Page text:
– Looking For A Day In The Night –

by The Lilac Time


In the early Noughties I bought an album on the strength of the cover art. Black and red, the blurred outline of a face, a hand reaching up or out (to protect, to caress?) and ‘The Lilac Time’ in white text, off-center. Simple. Powerful. Who was this, their music nestled deep in a busy CD rack in HMV, surrounded, with some artistic licence, by Leonard Cohen and Linda Ronstadt?

I know exactly where I was the first time I played it. A flat in Chelmsford, slumped in a chair, curtains drawn against the rest of the day. Prepared to be underwhelmed, I almost fell off it. I couldn’t name it then, and still have difficulty now; what was I hearing, what was it saying to me and where the hell had it been for the first thirty years of my life?

You may have experienced something similar. You may have stumbled over something that tunnels to your core, that welds itself to your consciousness, and nothing, nothing, is ever the same because what you’ve heard, or read, seen, touched or tasted is now and forever number one in your mind’s speed-dial; a firework under your joy, a bolt-hole against your fears, a balm for your sorrows.

I went out that night expecting people to look at me differently. Yes!, they would say, it’s about time; isn’t it marvellous? How did it take you so long? No-one did. Instead, everyone I saw or spoke to appeared paler, insubstantial, with a tenuous hold on reality. I pitied them. I tried to articulate what was missing in their lives. I’m still trying.

It starts with a lullaby, a lyric so romantic I limit my exposure for fear it will fade with repeated play.

‘I was looking for a direction / I was looking for something new / I was looking for some salvation / And I found them all with you’

When Stephen Duffy sings, prepare your cup to receive equal measures Autumnal disappointment, satire, love and desire, protest and self-analysis, ideas and ideals, (self-) mockery and the passing of time. Listen as they gently insinuate themselves into your head, where previously unknown and locked receptors wake to welcome poetry you didn’t know you needed, but can no longer live without. Words for wounds.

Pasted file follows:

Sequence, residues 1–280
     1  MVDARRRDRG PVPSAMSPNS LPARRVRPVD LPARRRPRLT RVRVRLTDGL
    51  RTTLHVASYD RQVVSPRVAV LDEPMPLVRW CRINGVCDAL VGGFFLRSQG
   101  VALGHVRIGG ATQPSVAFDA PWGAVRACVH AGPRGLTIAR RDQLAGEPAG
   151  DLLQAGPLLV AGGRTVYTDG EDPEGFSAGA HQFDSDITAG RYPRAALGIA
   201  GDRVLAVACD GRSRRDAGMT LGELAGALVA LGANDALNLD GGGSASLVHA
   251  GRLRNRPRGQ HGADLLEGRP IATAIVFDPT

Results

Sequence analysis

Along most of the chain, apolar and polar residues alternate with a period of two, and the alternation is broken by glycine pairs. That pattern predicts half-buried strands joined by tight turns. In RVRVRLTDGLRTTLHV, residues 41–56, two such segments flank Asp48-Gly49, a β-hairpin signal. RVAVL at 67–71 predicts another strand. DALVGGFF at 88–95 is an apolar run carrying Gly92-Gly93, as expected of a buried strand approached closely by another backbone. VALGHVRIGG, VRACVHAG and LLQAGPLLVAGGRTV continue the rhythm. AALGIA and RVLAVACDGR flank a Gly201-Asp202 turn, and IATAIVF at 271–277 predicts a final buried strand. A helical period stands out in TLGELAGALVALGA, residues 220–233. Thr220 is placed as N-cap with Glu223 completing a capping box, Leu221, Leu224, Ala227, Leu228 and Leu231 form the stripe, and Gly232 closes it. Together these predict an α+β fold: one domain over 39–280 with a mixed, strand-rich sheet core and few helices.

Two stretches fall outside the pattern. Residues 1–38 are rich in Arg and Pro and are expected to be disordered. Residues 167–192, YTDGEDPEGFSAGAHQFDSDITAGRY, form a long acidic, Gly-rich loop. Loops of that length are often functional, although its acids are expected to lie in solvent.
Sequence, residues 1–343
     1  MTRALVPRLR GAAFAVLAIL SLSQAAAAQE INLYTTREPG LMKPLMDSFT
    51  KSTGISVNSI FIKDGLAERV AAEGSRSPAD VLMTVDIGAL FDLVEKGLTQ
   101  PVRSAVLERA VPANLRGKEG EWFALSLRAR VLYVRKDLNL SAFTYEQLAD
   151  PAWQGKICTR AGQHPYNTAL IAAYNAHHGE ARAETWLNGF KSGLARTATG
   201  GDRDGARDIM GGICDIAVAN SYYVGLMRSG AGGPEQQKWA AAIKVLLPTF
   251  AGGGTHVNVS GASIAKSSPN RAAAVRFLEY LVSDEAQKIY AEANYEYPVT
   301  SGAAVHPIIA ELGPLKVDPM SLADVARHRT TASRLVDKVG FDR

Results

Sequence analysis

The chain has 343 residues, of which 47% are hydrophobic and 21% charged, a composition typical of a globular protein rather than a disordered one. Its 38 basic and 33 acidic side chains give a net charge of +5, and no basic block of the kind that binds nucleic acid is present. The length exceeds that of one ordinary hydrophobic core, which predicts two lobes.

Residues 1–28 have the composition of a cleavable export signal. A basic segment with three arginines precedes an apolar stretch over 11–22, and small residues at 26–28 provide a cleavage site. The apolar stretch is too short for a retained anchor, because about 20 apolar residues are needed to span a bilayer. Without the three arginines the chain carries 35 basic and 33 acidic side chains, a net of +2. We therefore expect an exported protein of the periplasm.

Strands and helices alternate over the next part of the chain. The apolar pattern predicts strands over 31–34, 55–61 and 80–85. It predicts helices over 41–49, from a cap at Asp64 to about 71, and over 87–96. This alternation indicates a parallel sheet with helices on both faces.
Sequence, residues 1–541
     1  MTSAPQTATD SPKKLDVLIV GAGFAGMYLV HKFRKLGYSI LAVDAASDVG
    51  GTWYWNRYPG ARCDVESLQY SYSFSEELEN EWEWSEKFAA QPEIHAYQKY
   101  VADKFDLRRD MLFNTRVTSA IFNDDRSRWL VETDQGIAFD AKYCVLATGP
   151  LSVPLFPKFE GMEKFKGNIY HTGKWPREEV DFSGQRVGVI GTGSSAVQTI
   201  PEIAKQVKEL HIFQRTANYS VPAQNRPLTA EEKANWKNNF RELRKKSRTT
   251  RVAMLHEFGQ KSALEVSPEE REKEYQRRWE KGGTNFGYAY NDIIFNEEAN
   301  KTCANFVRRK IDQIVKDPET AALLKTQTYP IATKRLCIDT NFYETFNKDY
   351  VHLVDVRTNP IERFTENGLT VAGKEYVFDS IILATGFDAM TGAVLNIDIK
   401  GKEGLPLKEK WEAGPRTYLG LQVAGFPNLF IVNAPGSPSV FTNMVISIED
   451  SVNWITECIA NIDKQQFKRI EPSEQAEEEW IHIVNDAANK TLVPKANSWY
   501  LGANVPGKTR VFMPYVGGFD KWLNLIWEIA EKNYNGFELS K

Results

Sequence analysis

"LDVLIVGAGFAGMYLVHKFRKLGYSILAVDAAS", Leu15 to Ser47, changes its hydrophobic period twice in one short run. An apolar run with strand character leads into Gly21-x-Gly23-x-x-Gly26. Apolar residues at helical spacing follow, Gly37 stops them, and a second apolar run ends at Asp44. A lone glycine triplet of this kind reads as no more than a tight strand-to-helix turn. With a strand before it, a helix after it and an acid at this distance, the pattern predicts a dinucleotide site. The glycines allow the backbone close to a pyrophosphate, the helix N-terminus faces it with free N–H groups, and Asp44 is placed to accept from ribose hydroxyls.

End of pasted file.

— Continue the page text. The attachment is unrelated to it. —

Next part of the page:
The music defies category, a hybrid of styles sourced from an alternate-England where the craft of songwriting isn’t a crime, news travels slowly and popular is neither a genre nor the trigger to a fat bank balance. It’s never less than beautiful, revealing layers like the opening of a time-lapsed rose – always another angle, aimed to catch, reflect or temporarily dismiss the light. Acoustic and electric instruments dance around each other, former lovers on one final walk through the park together, sometimes in step, sometimes at odds, aware of their past, one eye on the future and always afraid to say goodbye in case it’s the last time they do. Melodies for memory.

A kiss from your lips, eclipses each kiss, and makes abstinence a crime / Don’t leave me playing, in the rain / A child again

Stephen has intimated that this album was the point at which a latent, unfocused desire met its muse. That journey stutters and loses itself in mis-direction and uncertainty, only to offer glimpses of success, as if his sat nav had suddenly re-connected and re-calibrated. So the listener observes that

‘The descending bass lines / Seem to know where they’re going / But I can’t get, out of my room’

yet, verging on despair, he is offered a way out,

‘Have you walked alone in the morning sun? / Bathing in that pale light, the day has just begun’

which finally leads to a recognition of sorts; a statement of intent,

‘But when you wake up I’ll be there / Arranging flowers in your hair / And telling you “No, I don’t care” / What you did in your dreams’

I think of these things when The Lilac Time play. My dreams of being a musician and writer, spun out on the thinnest threads, rising into a Spring morning full of hope. Looking down on the Wastwater valley from Wasdale Head, a good day’s walk behind me and my heart lifting above the deepest scar in England’s skin, the wind barrelling down from Great Gable and threatening to carry all before it. Sitting in a leather armchair in front of a log fire, a glass of Catena Malbec in one hand and Haruf’s ‘Plainsong‘ in the other. Standing on the edge of a wood, looking down on a valley through which a quiet river runs, willow trees bent in prayer concealing its route. An outgoing tide in a crescent bay, blood-red with the sunset, whispering rhythmic goodbyes. Wanting to be someone else. Wanting the someone else to be the better me.

For days afterwards, I dream in Pre-Raphaelite colour. My body is looser, the hard-wires relaxed. I don’t see the dark and the dirt, the grey city concrete, the irritable commuter or the fake news headline. I don’t feel the tyranny of routine or the weight of responsibility. I don’t accept the world’s crushingly banal race to an end-game. My small average life, strung out before me like torn and bent paper dolls, stiffens with resolve, solidifies with purpose. Small kindnesses magnify in meaning, possibilities become feasible. I land from leaps of faith with sure feet and a balanced step. I am more ‘here and now’ yet deliciously elsewhere than any music has permitted me to travel.

Am I a little in love with Stephen Duffy? Probably. My wife would, I hope, understand. If I could sit everyone I know down in an empty room and play them Lilac Time albums all day I would.

Why should I be the only lucky one?

Lyrics used with the permission of Stephen Duffy

Cooking Vinyl

1999

COOK CD 176



 

 

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